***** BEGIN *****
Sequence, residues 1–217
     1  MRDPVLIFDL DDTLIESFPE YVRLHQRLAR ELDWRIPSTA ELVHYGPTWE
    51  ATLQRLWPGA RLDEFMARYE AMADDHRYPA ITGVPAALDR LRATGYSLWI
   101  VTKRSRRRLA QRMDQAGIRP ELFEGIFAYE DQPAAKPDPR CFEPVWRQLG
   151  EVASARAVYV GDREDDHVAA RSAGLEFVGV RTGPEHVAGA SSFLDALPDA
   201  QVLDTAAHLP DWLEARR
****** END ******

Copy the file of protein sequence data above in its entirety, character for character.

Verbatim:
Sequence, residues 1–217
     1  MRDPVLIFDL DDTLIESFPE YVRLHQRLAR ELDWRIPSTA ELVHYGPTWE
    51  ATLQRLWPGA RLDEFMARYE AMADDHRYPA ITGVPAALDR LRATGYSLWI
   101  VTKRSRRRLA QRMDQAGIRP ELFEGIFAYE DQPAAKPDPR CFEPVWRQLG
   151  EVASARAVYV GDREDDHVAA RSAGLEFVGV RTGPEHVAGA SSFLDALPDA
   201  QVLDTAAHLP DWLEARR